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June 18, 2013
You get to experience or learn something new all the time. No matter what you’ve already done or how much you think you know or how old you are. I got my shot at something brand new for me a few weeks ago. I helped dig a grave. For a person! I’ve done it for plenty of pets. But this was way different.
I will admit that I didn’t help all that much. But I was there to do a television story about a tradition that they have at the Chapel of the Cross in Madison County where other members of the congregation pitch in to dig the graves of members who have died and are to be buried in the church’s graveyard. But while I was there, the people doing the digging thought I should take a turn and get a feel for the experience myself.
They started about 4:00 in the afternoon. I didn’t count them, but it seemed to me that maybe a dozen men, more or less, took part. Some stayed the whole time; others came and went. Even family members helped. The daughter of the lady whose grave was being dug took a turn, as well as her son. Back years ago somewhere, this would have been a family and neighbor’s duty. I could see it adding to closure in a way little else could.
The grave digging tradition has been going on for several years at the church. A former pastor suggested it as an act of showing love for a member’s family and for the departed. And although it is hard, long work, it seems to be a tradition embraced by pretty much everybody in the congregation.
They dig the graves by hand, with picks and shovels. No machinery is used. It is a slow process. Our grave went relatively fast with recent rains having loosened the dirt all the way down: “down” being a hole 54 inches deep, not a full 6 feet like we’ve heard all our lives. And thank goodness—54 inches takes long enough to dig, up to 12 hours in dry weather when our Mississippi hill clay turns into the equivalent of concrete.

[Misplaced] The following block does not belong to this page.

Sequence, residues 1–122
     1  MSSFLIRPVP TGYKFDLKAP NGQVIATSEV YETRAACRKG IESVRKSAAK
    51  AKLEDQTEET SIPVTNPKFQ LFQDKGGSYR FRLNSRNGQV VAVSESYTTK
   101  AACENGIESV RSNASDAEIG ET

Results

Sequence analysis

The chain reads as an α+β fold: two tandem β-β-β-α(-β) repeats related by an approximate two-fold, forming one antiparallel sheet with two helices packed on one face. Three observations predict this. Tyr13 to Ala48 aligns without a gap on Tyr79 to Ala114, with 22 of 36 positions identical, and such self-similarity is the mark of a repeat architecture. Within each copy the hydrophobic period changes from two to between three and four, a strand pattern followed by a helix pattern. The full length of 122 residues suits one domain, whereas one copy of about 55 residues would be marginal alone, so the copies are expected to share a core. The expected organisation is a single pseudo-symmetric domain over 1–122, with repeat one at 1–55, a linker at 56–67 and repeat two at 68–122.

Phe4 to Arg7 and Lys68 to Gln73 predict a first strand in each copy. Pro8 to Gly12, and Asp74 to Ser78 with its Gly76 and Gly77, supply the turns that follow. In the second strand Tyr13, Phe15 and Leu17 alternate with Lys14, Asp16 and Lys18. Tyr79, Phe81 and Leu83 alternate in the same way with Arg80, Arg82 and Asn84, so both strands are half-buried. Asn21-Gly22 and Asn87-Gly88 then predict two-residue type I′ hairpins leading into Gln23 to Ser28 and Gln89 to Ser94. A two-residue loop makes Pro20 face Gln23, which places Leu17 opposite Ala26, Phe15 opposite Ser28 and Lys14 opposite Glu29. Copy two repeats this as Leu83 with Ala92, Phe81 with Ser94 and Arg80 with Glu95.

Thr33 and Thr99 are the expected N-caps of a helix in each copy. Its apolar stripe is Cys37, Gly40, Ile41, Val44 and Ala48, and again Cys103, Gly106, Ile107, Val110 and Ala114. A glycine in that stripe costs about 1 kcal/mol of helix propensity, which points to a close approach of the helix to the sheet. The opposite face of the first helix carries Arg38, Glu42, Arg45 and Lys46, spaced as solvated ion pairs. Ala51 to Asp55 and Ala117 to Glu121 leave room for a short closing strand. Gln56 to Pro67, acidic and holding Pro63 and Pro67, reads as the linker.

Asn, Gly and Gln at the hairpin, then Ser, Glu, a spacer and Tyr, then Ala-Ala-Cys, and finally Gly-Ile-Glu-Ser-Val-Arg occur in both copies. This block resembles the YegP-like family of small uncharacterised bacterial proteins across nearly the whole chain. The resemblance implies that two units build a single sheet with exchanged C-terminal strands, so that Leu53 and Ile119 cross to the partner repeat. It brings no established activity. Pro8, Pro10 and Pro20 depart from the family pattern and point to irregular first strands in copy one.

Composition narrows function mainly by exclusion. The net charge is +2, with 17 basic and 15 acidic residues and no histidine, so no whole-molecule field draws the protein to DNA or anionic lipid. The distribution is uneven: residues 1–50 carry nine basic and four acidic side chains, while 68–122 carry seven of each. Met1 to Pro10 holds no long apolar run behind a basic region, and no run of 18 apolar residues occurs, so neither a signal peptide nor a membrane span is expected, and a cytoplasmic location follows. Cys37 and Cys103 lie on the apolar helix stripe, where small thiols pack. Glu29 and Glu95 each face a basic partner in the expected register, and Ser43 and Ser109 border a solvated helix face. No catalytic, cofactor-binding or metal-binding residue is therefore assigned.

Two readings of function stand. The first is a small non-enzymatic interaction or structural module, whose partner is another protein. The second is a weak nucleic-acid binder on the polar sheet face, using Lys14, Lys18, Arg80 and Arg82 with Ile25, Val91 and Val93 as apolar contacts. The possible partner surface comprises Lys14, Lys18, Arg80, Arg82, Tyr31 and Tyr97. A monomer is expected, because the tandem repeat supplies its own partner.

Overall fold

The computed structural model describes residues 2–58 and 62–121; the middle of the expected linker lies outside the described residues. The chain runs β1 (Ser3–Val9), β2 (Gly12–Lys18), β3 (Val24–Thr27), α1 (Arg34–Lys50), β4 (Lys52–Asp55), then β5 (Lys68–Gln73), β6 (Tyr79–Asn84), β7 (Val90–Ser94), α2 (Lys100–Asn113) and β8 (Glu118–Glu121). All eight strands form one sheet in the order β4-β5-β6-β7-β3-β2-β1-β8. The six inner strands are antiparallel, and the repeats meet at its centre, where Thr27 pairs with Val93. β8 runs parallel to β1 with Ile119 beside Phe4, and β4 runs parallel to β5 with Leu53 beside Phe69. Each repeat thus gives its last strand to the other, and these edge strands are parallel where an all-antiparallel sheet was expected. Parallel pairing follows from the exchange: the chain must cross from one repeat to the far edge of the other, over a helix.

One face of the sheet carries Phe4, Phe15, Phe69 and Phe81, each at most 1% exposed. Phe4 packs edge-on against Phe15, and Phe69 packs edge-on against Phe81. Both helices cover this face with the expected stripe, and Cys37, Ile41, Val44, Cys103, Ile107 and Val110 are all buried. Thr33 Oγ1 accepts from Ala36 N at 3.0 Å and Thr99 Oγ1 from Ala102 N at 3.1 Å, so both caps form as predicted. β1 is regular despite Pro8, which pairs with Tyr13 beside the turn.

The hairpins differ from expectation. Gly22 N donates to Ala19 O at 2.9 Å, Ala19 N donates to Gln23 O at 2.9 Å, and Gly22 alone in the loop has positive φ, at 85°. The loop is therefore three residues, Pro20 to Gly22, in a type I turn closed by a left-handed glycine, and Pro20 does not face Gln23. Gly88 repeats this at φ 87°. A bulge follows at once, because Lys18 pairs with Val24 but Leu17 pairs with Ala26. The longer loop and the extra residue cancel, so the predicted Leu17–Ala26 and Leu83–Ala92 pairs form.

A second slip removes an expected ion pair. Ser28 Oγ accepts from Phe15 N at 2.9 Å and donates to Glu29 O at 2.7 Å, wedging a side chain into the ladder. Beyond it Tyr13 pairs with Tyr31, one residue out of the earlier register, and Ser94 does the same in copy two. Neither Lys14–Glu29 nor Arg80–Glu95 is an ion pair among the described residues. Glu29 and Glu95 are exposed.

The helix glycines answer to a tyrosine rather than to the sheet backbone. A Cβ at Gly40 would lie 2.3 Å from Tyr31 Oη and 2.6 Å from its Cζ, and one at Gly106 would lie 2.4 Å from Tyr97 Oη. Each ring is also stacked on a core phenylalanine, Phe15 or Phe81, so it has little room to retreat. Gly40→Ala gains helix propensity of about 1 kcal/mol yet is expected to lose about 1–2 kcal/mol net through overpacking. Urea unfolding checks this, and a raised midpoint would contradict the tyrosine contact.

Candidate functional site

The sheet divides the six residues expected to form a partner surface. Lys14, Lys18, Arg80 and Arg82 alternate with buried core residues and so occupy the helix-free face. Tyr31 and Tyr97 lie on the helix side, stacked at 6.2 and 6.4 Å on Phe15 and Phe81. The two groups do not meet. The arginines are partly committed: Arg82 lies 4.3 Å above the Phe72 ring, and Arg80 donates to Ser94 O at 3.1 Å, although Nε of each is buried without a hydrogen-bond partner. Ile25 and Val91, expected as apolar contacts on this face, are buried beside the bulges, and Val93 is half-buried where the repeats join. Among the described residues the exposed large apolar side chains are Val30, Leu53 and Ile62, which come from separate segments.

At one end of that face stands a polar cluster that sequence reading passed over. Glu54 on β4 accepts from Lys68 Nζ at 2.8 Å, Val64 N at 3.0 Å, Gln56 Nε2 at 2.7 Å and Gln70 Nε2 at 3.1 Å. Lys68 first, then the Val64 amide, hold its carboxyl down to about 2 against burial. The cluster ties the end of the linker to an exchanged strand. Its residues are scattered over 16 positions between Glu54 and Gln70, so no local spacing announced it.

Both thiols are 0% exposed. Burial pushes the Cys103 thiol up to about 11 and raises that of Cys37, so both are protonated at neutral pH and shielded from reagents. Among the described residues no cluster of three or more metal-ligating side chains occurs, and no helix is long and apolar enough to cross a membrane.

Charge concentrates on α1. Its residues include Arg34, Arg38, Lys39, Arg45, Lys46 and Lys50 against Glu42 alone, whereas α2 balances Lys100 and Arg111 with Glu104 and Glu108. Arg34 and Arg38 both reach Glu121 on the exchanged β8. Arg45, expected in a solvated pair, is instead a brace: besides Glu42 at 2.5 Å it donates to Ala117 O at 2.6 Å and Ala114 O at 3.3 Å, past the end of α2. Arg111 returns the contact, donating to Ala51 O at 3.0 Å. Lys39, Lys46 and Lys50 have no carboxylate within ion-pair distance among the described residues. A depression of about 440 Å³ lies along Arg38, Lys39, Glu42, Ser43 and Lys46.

As daylight dwindled, it didn’t seem eerie being in a graveyard after dark like I thought it might. The pizza deliveryman didn’t even think it was all that strange when he delivered supper to the workers behind the church.
I stalled as long as I could before taking my turn with the shovel. But I was finally pressed into it as the process was just a few inches shy of the goal. I don’t really know why, but I was a bit nervous. Digging a grave is kind of a serious thing if you think about it. I mean, there is little left you can do for a person after digging their grave. You don’t want to mess that up. And that deep in, looking at the dirt walls around you, you realize that you’ll have one of these for yourself some day. But then a cheery thought: This isn’t it!
After the grave was finished, the church’s priest, Austin Johnson, blessed it. All the gathered diggers took a sip of Macallan Scotch and poured the rest into the hole with a prayer for the spirit of the departed. (I suppose we Baptists could use grape juice.)
The tradition has meaning for everyone who participates. Feet on the floor of a grave, you are standing as far as you get to go in this life. What happens next is a matter of your faith.
Walt Grayson is the host of “Mississippi Roads” on Mississippi Public Broadcasting television, and the author of two “Looking Around Mississippi” books and “Oh! That Reminds Me: More Mississippi Homegrown Stories.” To contact Grayson, send email to firstname.lastname@example.org.
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